• 10 days later, Now lets think about that for a moment, humanitarian professionals weren’t behind this map
  • Numbers, zoom in
  • Zoom in furtherThis was no ordinary map. This map was alive. Changing every few minutes. Living organism. So here we were, digital humanitarian volunteers in snowy Boston, using mapping technology from Africa, saving hundreds of lives in Haiti. Indeed, it turns out that a number of first responders, including the US Marine Corps, used the map to literally send out choppers for search & rescue and medical evacuation.LIVE MAPS CAPTURE PULSE OF PLANET and they can also save livesVolunteers in snowy Boston, some 1500 miles away from Haiti, using free mapping technology from Africa, to save hundreds of lives in Port au PrinceBetween them, these volunteers mapped over 3,500 individual reports from hundreds of sources and you can see just how densely populated the map was. Not only that, but the map was being updated every 10-15 minutes with dozens of new dots, this map was truly alive.
  • Facebook
  • The Standby Volunteer Task Force, a global network of 800+ volunteers from more than 80 countries around the world. These Mapsters, as they are called, have been trained in Digital Mapping Technologies to support humanitarian and development organizations. When there’s a problem, a major disaster, the UN and others call the Task Force for support. WHY? BECAUSE TO MAP THE WORLD IS TO CHANGE IT AND TO MAP THE WORLD LIVE IS TO CHANGE IT LIVEThey are truly the Jedis of mapping. And I bet you’re wondering, how do I become a Mapster Jedi?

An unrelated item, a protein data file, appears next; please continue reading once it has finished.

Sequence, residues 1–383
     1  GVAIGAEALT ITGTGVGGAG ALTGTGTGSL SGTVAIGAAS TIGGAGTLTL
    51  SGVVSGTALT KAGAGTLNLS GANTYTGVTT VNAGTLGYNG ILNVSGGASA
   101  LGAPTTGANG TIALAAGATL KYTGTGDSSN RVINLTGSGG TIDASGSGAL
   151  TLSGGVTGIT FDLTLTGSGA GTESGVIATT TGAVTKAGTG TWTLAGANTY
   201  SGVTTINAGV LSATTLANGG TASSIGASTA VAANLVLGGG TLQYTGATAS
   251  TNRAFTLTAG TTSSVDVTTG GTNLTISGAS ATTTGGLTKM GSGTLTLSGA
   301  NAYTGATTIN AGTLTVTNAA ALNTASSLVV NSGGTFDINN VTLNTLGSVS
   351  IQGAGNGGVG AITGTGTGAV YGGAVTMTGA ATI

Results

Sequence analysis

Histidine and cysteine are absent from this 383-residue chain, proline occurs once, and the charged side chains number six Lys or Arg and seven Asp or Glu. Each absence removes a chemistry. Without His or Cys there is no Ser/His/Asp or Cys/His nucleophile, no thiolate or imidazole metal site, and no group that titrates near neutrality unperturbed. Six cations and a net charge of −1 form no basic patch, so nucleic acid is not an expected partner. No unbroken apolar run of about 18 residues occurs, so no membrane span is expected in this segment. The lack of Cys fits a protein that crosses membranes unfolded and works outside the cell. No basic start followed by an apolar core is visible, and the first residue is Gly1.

• Lets begin our first map on January 12th, 2010, at 4pm, to be exact. We turn on the TV and see this…
  • Numbers, zoom in
  • Proliferation of maps
  • To Map the World is to Change ItTo Map the World LIVE is to Change it Live
  • Presentation to QCRI

    2. 2. Devastating Earthquake #Haiti
    3. 3. SMS 4636
    4. 4. Humanitarian Crisis in #Libya
    5. 5. 850+ Mapstersin 80+ Countries www.CrisisMappers.net
    6. 6. AnalysisGeo-LocationHumanitarianMediaReportsSatelliteSMSTaskTechnologyTranslationVerification
    7. 7. OpportunitiesPartnerships
    8. 8. • Data mining• Data cleaning• Machine translation• Sentiment analysis• Crisis informatics• Quantifying veracity• Peer production
    9. 9. Peer Productionin Collaborative Platforms?
    10. 10. Quantifying Veracity?
    11. 11. OpportunitiesPartnerships
    12. 12. Taking the Pulse of the Planet forDevelopment and Disaster Response
    13. 13. Open Data = Closed DataWhen open datasets are not useable
    14. 14. Other Ideas?Computing for Good